Rimini Street on Monday fired back at Oracle over its lawsuit adding that Larry Ellison & Co. are trying to stifle competition to preserve fat software maintenance margins.
Rimini Street, which provides third party support for Siebel, PeopleSoft and JD Edwards software, was sued by Oracle alleging massive theft of intellectual property.
In its response, Rimini denied Oracle's allegations. Rimini added that Oracle's lawsuit is the climax of a five-year campaign to squelch the company's third party support services.
According to the response to Oracle's complaint (download response PDF):
Oracle initiated this baseless litigation as another anticompetitive tactic to try and slow Rimini Street’s fast-paced growth and protect Oracle’s dominant 95% market share and monopoly-like 92% gross profit margins on the after-market support of its products.
Since shortly after Rimini Street’s inception, Oracle began a systematic campaign to disrupt and halt Rimini Street’s business. Initially, Oracle’s efforts consisted of numerous hostile letters, some of which were published in the media as early as 2005 as examples of how Oracle was trying to forestall after-market competition from a just-launched Rimini Street. Over the years, Rimini Street responded to each Oracle letter, explained the appropriateness of Rimini Street’s practices and procedures, and repeatedly offered to meet and discuss any questions or concerns Oracle might have about Rimini Street’s processes and procedures.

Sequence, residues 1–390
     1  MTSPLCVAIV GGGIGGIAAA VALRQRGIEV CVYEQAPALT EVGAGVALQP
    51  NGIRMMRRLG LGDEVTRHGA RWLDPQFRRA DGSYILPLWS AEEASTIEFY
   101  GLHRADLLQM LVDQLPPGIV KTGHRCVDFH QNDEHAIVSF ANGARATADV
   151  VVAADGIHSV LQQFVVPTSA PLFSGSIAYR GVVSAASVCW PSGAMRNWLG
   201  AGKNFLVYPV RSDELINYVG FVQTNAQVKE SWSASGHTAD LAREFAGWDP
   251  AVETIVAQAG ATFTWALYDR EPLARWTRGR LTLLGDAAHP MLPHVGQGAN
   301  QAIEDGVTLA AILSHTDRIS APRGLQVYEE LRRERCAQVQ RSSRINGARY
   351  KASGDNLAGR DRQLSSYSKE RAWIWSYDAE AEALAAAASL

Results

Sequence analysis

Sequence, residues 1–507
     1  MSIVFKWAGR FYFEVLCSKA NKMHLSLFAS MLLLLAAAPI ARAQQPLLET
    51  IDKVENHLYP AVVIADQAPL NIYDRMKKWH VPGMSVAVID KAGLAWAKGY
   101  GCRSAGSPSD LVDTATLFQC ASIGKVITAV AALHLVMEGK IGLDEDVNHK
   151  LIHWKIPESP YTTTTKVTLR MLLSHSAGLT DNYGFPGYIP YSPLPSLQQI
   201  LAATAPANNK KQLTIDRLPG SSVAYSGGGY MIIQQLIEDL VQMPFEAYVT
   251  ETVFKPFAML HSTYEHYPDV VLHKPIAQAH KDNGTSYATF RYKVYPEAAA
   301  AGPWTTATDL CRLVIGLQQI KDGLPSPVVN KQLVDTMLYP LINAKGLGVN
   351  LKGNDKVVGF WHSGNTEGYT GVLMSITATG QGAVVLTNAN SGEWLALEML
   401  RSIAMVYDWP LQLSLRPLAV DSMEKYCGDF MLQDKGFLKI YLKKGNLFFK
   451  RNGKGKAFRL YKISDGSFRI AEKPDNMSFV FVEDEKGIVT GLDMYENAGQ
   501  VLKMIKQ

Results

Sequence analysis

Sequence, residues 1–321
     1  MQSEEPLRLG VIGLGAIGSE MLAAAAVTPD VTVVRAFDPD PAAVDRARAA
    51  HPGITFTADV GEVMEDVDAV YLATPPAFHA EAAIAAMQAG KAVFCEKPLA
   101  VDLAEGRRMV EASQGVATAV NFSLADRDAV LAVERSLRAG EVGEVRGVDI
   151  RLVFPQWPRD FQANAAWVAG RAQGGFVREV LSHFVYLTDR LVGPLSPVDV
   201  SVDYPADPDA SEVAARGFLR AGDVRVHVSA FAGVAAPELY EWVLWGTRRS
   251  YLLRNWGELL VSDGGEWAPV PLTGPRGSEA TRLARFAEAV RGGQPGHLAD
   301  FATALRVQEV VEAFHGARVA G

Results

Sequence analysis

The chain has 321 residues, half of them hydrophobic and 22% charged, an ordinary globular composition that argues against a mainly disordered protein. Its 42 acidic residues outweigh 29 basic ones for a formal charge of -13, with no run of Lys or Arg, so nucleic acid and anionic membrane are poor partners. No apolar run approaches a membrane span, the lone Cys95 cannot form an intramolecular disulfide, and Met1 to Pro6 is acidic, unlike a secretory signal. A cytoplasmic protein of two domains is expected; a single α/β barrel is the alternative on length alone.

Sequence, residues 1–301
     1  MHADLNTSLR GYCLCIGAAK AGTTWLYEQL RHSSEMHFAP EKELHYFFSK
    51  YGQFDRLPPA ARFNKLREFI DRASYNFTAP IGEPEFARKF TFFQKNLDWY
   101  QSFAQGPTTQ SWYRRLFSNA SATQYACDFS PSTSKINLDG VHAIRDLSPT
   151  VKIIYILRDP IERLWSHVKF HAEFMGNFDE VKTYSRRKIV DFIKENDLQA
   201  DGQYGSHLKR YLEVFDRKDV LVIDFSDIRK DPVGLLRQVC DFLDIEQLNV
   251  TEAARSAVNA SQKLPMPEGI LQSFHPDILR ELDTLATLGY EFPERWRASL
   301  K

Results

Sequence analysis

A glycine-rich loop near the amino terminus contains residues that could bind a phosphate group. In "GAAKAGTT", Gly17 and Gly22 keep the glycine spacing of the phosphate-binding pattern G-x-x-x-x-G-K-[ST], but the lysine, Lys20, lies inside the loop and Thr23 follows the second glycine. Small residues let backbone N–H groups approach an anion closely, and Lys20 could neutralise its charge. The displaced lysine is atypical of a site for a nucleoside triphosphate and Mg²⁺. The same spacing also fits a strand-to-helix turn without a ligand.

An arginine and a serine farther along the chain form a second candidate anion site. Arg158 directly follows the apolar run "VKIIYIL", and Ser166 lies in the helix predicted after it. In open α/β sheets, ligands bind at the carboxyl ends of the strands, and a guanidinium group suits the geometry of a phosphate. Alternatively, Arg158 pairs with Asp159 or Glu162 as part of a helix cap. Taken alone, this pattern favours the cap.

As Rimini Street’s success grew, so did Oracle’s determination and efforts to disrupt Rimini Street’s growth. Since the inception of the company, Rimini Street used automated download tools to help its clients identify and take delivery of the large volume of Oracle Software and Support Materials they paid for and were entitled to possess and use (potentially tens of thousand of files for a single customer). Using such automated tools was necessary because Oracle refused to help its customers identify and take delivery of such large volumes of materials.
According to Rimini, Oracle's attacks escalated in 2007 and 2008. Ultimately, Oracle blocked its support materials from Rimini.
At this point, as a good-faith attempt at conflict reduction with Oracle, Rimini Street unilaterally agreed to cease using automated download tools in January 2009 and notified Oracle’s representatives of this decision in early February 2009.
Further, to prevent Oracle’s anti-competitive actions from occurring in the future, Rimini Street asked for and was finally granted a call with Oracle representatives in early February 2009. On the call, Rimini Street offered to share Rimini Street internal information with Oracle and/or to work out an agreement that would utilize an independent third party auditor reporting back to both parties to confirm Rimini Street’s compliance with its standard processes and procedures. Oracle never responded to any of Rimini Street’s proposals.